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Role of massage and stretching in recovery from exercise and in delayed onset muscle soreness.

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Adequate recovery from intense exercise is essential to optimise performance and reduce the associated symptoms of tiredness, fatigue and lethargy. The purpose of the study was to :- i. investigate the effects of massage and stretching in delaying the development of fatigue during repeated bouts of dynamic activity and, ii. to investigate the relative effects of massage and stretching on delayed onset muscle soreness (DOMS). Eighteen volunteer males participated in this study. They were randomly allocated into one of six groups of an Orthogonal Latin square design. Subjects performed five repetitions of as many heel raises as possible in 45 seconds. Each repetition was followed by a recovery technique of three minutes duration. This was repeated weekly until each group has had all three recovery techniques. A fatigue index % was calculated from the decline in the number of repetitions from stage 1 to stage 5. Muscle soreness ratings were retrospectively assessed at 12-36 hour after each session. An analysis of variance showed a significant difference in the fatigue indices. Post hoc intergroup comparison using paired T-tests with the Bonferroni adjustment showed a significant difference between rest and massage (p=0.0001) and rest and stretching (p=0.0006). The differences between massage and stretching were not significant. Fourteen (77.8%) and Fifteen (83.3%) subjects showed an improvement in performance following massage and stretching respectively. Massage is associated with significantly less muscle soreness than stretching (p<0,001). DOMS was most frequently found in the stretching group while the lowest incidence and lowest mean ratings of muscle soreness associated with DOMS was found in the massage group. The difference between massage and stretching was marginal (p=046I) and showed a trend that massage is associated with less DOMS than stretching. This suggests that rest is the least beneficial recovery technique, and that massage may be superior to stretching as there is less muscle soreness.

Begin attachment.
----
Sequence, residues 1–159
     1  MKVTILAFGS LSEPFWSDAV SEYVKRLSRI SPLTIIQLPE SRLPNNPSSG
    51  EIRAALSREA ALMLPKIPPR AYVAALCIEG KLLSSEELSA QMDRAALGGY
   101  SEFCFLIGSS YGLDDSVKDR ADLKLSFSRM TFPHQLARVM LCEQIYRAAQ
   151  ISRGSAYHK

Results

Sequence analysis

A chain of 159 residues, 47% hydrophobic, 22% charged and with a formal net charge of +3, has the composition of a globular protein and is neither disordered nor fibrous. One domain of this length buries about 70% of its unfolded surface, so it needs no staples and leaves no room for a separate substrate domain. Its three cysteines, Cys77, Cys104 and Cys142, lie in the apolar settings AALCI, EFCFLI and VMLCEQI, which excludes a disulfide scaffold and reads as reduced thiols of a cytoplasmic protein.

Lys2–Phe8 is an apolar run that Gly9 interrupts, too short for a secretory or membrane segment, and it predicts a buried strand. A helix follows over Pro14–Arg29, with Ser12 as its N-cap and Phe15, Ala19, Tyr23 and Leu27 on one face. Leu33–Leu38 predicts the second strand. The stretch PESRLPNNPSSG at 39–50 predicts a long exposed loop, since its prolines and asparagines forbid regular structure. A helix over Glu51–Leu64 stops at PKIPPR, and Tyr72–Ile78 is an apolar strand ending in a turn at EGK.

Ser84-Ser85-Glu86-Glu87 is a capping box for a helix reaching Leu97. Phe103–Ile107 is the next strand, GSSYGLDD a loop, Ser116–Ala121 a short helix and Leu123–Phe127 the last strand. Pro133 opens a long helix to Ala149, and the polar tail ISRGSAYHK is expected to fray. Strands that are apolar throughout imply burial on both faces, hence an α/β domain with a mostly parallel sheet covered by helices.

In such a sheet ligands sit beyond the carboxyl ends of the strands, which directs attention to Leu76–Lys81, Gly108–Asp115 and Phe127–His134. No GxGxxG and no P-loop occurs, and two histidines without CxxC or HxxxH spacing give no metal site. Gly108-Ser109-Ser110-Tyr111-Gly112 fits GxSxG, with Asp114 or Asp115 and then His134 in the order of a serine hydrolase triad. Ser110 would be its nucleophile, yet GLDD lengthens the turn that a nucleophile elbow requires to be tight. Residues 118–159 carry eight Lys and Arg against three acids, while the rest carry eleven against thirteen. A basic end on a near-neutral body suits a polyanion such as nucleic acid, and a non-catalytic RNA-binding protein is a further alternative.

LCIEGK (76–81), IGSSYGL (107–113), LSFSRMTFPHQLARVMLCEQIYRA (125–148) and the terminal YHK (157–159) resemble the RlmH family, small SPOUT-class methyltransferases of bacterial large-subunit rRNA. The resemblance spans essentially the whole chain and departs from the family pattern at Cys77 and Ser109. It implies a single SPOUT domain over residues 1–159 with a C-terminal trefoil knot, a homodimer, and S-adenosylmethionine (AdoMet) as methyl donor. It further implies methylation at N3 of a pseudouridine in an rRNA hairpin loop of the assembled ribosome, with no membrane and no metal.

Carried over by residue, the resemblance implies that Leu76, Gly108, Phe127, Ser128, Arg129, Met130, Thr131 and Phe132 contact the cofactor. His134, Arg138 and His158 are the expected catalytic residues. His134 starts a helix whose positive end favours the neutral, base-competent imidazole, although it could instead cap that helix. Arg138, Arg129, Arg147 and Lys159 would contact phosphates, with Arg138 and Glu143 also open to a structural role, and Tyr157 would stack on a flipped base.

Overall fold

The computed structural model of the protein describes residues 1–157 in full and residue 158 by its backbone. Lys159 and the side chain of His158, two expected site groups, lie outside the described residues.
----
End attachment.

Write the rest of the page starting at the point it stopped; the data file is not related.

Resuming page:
Thesis (M.Med.Sc.)-University of Natal, 1997.


Exercise--Physiological aspects., Exercise therapy., Massage therapy., Stretching exercises., Exercise--Health aspects., Theses--Physiotherapy.